The Wafers Side Of HJT

HJT Is Increasingly Ready For Larger G12 Wafer Formats As Manufactures Are Prepared To Process Half G12 Cells

The Wafers Side Of HJT

Pre-cut processing: In order to reduce the losses at the module level, HJT cell/module producers such as Huasun have started processing pre-cut wafers. (Source: Huasun)

  • Pre-process annealing of the incoming wafers has eased the tight spec for wafers for HJT, while high lifetime of 2,000 and 3,000 μs and high resistivity uniformity are yet to be addressed
  • HJT is found to be beneficial when adapted to larger wafers with benefits being higher utilization of wafer surface area and lower overall wafer costs
  • In order to overcome the higher edge losses of larger wafers in HJT, the manufacturers adapt to processing half G12 wafers instead of full ones

While fewer, the number of steps for HJT cell processing are completely different from mainstream PERC with change requiring right at the wafer level.

HJT typically uses n-type wafers, unlike today’s mainstream that relies on p-type base wafers. In the past, at least when we published our previous edition of the TaiyangNews HJT Solar Technology report in 2020, the quality of the n-type wafers was very important. The advantages of HJT come primarily from its high Voc of about 750 mV, which is a result of particularly good surface passivation. If anything is limiting the voltage, it is the bulk rather than the surface. Thus, wafers have always been the starting subject of discussions involving HJT. However, such discussions are not so intense anymore. The industry has adopted a heat treatment process similar to annealing to mimic gettering. That’s because there is no involvement of thermal treatment of the wafer with HJT, which eliminates the risk of any change in bulk lifetime during the process. At the same time, the process sequence completely misses the gettering effect in the firing step. Almost every HJT manufacturer is adopting pre-process annealing of the incoming wafers, which has eased the tight spec for wafers. “We buy wafers from the complete ingot; not only that, we buy wafers from all five ingots that are grown from one crucible,” said Po-Chuan Yang, HJT business unit general manager at Risen. The general idea is that this special thermal treatment process relaxes the already tight requirements. That said, some specs have to be met. According to Wenging Wang, CTO of Huasun, a fairly young Chinese company that has quickly become a pioneer in the commercial HJT cell segment, when opting between a wafer lifetime of 2,000 and 3,000 μs, actually the latter is preferred. While there is a steady improvement in lifetimes, high resistivity uniformity is a criterion that the wafer makers are not able to completely honor, said Wang.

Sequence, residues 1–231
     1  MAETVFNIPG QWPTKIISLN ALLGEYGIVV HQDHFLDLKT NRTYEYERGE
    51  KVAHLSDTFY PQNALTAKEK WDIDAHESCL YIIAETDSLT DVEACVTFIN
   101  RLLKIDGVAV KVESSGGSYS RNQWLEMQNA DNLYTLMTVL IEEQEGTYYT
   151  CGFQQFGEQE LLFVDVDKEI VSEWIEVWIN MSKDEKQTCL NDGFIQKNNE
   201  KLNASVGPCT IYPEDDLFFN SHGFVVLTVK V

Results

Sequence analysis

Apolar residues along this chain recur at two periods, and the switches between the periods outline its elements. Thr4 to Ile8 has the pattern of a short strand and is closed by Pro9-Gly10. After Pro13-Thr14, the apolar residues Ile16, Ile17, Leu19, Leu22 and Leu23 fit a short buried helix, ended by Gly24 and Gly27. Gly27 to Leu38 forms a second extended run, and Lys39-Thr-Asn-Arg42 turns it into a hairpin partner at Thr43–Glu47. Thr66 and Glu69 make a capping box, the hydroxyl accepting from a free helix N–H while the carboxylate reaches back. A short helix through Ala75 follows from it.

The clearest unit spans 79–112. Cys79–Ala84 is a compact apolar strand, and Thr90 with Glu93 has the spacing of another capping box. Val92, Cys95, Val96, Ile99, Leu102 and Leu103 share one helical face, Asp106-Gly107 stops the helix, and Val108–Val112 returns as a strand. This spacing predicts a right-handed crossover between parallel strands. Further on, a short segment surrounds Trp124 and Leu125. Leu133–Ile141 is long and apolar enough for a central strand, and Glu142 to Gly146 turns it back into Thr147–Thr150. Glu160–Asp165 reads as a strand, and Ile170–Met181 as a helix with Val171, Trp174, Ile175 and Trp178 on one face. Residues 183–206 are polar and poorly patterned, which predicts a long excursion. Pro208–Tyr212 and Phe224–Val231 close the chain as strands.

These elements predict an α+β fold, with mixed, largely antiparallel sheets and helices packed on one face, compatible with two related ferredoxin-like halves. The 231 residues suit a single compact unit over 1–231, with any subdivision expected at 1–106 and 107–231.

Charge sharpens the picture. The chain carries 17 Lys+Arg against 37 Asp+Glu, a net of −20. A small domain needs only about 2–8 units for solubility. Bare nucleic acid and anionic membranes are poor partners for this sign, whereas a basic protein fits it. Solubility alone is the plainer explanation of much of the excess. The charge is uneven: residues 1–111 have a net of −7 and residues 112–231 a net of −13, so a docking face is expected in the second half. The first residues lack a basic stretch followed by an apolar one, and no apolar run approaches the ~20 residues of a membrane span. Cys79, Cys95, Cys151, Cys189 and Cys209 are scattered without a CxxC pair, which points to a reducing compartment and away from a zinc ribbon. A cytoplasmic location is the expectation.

Employing larger wafer formats is obviously a very interesting topic in the field of HJT. Unlike with PERC or even TOPCon, adapting HJT to larger wafer formats took some time. The majority of the HJT players have already scaled up their manufacturing to at least M6, and most of these lines are R&D/pilot lines. The next level of the size upgrade is targeted at the new larger-scale production facilities, which are part of every company’s future plan operating in this field. And the manufacturers who have successfully started large-scale manufacturing have skipped M10 and are going directly to G12. Huasun for example has designed its latest 2 GW facility to be G12 compatible. Risen, which has been primarily working on the G1 format, is also jumping to G12 directly, also with its planned new facility (see Progress Of Heterojunction Technology).